VIDEO: Whale Response & Research Vessel Dedicated on Maui
[flashvideo file=http://www.youtube.com/watch?v=JgIc7GdbZz8 /] By Wendy Osher
A blessing ceremony was held on Maui today, ushering into service a 38-foot vessel, built to support whale research and assist in entanglement response efforts.
The Koholā, aptly named for the marine mammal it will protect, is stationed at Mā‘alaea Harbor, in the heart of the whale sanctuary.
“This boat will be critically important to us doing the kind of science that enables us to make good management decisions,” said Jane Lubchenco Ph.D, undersecretary of commerce for oceans and atmosphere and administrator for the National Oceanic and Atmospheric Administration.
“For us to be able to adequately protect them and understand their behavior, we need to have good scientific information,” said Lubchenco. The vessel, she said, will enable the agency to do just that.
The vessel also plays a critically important role in freeing whales that happen to get entangled in fishing gear. Entanglement has been identified as a primary threat to the species, with more than 50% of humpbacks in some regions having been recently entangled, according to sanctuary staff estimates.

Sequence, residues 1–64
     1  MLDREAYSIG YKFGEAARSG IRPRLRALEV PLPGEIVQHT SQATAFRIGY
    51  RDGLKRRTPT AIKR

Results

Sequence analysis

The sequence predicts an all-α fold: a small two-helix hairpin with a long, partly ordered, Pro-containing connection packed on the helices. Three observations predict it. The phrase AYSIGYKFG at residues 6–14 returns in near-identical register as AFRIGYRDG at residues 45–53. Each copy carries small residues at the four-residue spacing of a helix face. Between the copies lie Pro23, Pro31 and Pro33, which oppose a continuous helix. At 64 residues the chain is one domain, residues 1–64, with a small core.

“It happens, unfortunately, an awful lot of the time and it’s truly unfortunate; but to be able to rescue those whales is an important part of our mission,” said Lubchenco. “Our trained crew of scientists and others on this boat have become very skilled, very adept, in disentangling whales and freeing them,” she said.
The boat features built-in storage for a 15-foot rapid deployment inflatable, a davit for lifting heavy equipment, and a custom designed upper helm station for better visibility for safe operation around whales.
“This design allows us to add additional zodiac capability… it has additional carriers unlike any other boat that we’ve used before,” said Malia Chow, Sanctuary Superintendent for the Hawaiian Islands Humpback Whale NMS.
Since receiving the boat two months ago, Chow said, crews have already responded to about a half dozen response incidents. “As you know February is the peak season for whales here in Hawaii, so it’s about typical; but the difference now is that we have our own small boat, with our uniquely trained staff to do on-the-water response,” said Chow.
Fellow Sanctuary employee, Elia Herman, State Home Manager for the HIHWNMS and DLNR agreed saying the vessel enables increased efforts for response and research. “We also have a greater community presence so that we can bring people out on the water and educate them about the work the sanctuary is doing, about the whales, about the partnership with DLNR and NOAA to protect these waters,” she said.
The Hawaiian Islands provide critical breeding grounds for the endangered species. Up to 12,000 of the 20,000 humpback whales found in the North Pacific migrate to Hawaiian waters each year to mate, calf, and nurse their young.
The sanctuary was designated in 1992 by Congress to protect humpback whales and their habitat in Hawaiian waters.